OTTO M. ZYKAN (1935-2006): Cello Concerto “Auf der Suche nach konventionellen Gefühlen” (ORF Vienna Radio Symphony Orchestra; Leif Segerstam), Beethovens Cello - 3 Pieces for Cello and Orchestra (Vienna Philharmonic; Zubin Mehta).
Catalogue Number: 10V048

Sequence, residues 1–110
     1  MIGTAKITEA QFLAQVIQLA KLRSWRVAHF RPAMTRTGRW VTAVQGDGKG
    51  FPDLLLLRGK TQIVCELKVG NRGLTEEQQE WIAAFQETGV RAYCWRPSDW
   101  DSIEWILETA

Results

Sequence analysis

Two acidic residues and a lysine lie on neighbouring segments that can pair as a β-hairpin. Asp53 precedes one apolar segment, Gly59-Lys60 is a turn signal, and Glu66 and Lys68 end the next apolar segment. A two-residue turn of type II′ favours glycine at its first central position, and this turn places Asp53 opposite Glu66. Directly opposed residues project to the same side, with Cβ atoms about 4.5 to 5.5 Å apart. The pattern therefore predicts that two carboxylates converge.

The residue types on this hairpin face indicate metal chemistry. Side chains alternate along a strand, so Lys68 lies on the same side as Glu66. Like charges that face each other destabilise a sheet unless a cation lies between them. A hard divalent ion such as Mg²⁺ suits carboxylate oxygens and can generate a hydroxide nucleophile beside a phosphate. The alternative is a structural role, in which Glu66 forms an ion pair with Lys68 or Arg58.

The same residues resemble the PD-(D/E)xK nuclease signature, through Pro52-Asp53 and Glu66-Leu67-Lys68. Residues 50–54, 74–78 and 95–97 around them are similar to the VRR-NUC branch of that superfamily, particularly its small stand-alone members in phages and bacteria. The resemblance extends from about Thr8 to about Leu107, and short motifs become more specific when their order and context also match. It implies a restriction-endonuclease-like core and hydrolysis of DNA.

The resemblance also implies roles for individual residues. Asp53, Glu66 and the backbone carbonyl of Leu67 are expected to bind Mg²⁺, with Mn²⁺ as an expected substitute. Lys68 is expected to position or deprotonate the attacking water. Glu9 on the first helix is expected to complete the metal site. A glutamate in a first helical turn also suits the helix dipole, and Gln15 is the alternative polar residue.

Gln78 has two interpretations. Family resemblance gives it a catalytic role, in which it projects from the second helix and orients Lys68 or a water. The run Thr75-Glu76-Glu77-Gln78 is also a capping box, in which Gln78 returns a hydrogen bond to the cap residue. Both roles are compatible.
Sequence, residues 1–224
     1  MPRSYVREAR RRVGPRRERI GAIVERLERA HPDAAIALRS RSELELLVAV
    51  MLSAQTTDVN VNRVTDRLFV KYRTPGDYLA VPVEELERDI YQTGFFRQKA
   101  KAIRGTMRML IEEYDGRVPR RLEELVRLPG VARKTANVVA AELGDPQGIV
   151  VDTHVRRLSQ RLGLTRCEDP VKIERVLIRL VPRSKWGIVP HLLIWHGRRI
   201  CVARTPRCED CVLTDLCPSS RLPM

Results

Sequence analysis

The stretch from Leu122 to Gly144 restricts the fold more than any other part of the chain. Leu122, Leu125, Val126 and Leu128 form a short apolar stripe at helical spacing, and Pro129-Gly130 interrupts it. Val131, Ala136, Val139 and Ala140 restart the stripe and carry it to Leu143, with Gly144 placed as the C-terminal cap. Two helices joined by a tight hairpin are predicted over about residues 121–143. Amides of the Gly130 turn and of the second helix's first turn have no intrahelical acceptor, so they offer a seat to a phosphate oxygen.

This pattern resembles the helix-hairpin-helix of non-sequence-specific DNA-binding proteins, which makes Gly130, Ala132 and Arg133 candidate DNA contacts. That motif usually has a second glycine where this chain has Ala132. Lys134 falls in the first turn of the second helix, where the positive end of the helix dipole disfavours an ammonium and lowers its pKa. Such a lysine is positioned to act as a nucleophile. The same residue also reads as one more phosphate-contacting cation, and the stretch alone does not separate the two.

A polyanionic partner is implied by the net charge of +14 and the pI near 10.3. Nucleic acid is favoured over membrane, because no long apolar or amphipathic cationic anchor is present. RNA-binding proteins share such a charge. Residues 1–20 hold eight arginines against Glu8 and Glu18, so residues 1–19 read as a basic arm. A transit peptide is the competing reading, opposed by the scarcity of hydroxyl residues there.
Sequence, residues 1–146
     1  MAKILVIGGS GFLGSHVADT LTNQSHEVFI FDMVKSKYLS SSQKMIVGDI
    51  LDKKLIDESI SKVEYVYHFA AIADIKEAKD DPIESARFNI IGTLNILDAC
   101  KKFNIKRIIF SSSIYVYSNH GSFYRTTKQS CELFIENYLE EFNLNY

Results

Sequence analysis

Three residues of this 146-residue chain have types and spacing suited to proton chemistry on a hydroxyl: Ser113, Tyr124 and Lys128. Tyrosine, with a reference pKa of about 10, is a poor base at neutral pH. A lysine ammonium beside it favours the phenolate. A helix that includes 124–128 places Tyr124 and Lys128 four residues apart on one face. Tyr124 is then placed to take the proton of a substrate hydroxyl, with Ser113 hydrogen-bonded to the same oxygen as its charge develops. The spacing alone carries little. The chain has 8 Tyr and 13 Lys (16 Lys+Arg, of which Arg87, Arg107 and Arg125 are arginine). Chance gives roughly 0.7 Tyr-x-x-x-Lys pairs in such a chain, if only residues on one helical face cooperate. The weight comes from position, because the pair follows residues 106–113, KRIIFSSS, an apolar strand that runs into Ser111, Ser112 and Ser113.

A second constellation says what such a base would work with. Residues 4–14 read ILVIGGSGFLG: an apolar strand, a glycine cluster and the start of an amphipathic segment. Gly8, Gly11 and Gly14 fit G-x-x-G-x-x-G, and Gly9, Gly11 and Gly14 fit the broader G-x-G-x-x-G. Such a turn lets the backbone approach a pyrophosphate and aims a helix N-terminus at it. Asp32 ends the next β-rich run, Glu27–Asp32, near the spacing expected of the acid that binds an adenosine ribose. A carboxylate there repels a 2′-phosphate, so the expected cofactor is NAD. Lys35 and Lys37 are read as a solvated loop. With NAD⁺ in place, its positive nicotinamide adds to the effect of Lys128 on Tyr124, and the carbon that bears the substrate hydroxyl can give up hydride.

Description: Zykan appears to have been an eccentric maverick, who also enjoyed playing that part such that from his irony-saturated writings it’s hard to tell what is genuine nonconformity and what is the assumption of that role. He had a notable career as pianist which seems to have overshadowed his compositional activities. He wrote for the stage, and much of his output that was performed during his lifetime consisted of Gesamtkunstwerk, some of which relied on his own participation and interpretation to the point at which they effectively became 'happenings' which are now lost and impossible to reconstruct. He also didn’t seek publication, which didn’t help. The television broadcast of an opera on a touchy political subject sparked a scandal in Austria: "In 1977, Staatsoperette was to become the biggest scandal in musical theatre since the Second World War," These concerti are powerful, dramatic and unpredictable works, in a rich expressionistic idiom which is by no means tonal but contains many stunning moments of tonal resolution. The First Concerto's unexplained drama is expressed with a ferocious degree of intensity and aggression. The first movement is urgent and combative, with the cello and orchestra belligerently at odds throughout. After a percussively sonorous introduction, the first half of the second movement is a mournful, eloquent lament by the soloist over a relentless chiming ostinato figure that recalls the extraordinary coda of Shostakovich's 4th. The meandering melody line hints at, and then states, a quotation from Schubert's Ständchen, whereupon it immediately has to repel an assault by the percussion. Once order is restored, the ostinato returns and the movement ends in a tense reflection of the earlier material. The finale begins with battering percussion, which leads to a confrontation with the soloist. If anything, the exchanges between the cello and the tumultuous, Ivesian clamor of conflicting fanfares and marches in this movement are even more pugilistic than in the first. Even after the battle is over, the music never really settles down, the cello and percussion still dueling even as the strings seem to be trying to bring about a peaceful conclusion. The Second Concerto was composed in 2005, nearly 25 years later. Expressively it occupies similar territory to the First, but its vocabulary is significantly closer to tonality, with some grandly Romantic gestures - this may be on account of the work being a tribute to Beethoven, hailed by the composer as an early and constant inspiration. There also seem to be references to Mahler. Most of the first movement is propelled by a doggedly persistent pulse, mechanistic and menacing. In the central section, soloist and orchestra engage in a tense, agitated dialogue. The slow movement is predominantly lyrical, though not without its confrontational moments. The finale, which was composed first, constantly makes reference to the scherzo of the Eroica symphony - at some remove and in a mosaic of fleeting fragments, as "... Little Zykan tries to not have his fingers burnt through too close proximity ...". This movement is high spirited, if highly strung and just a little frantic, and ends the concerto in a raucous burst of energy. Heinrich Schiff (cello).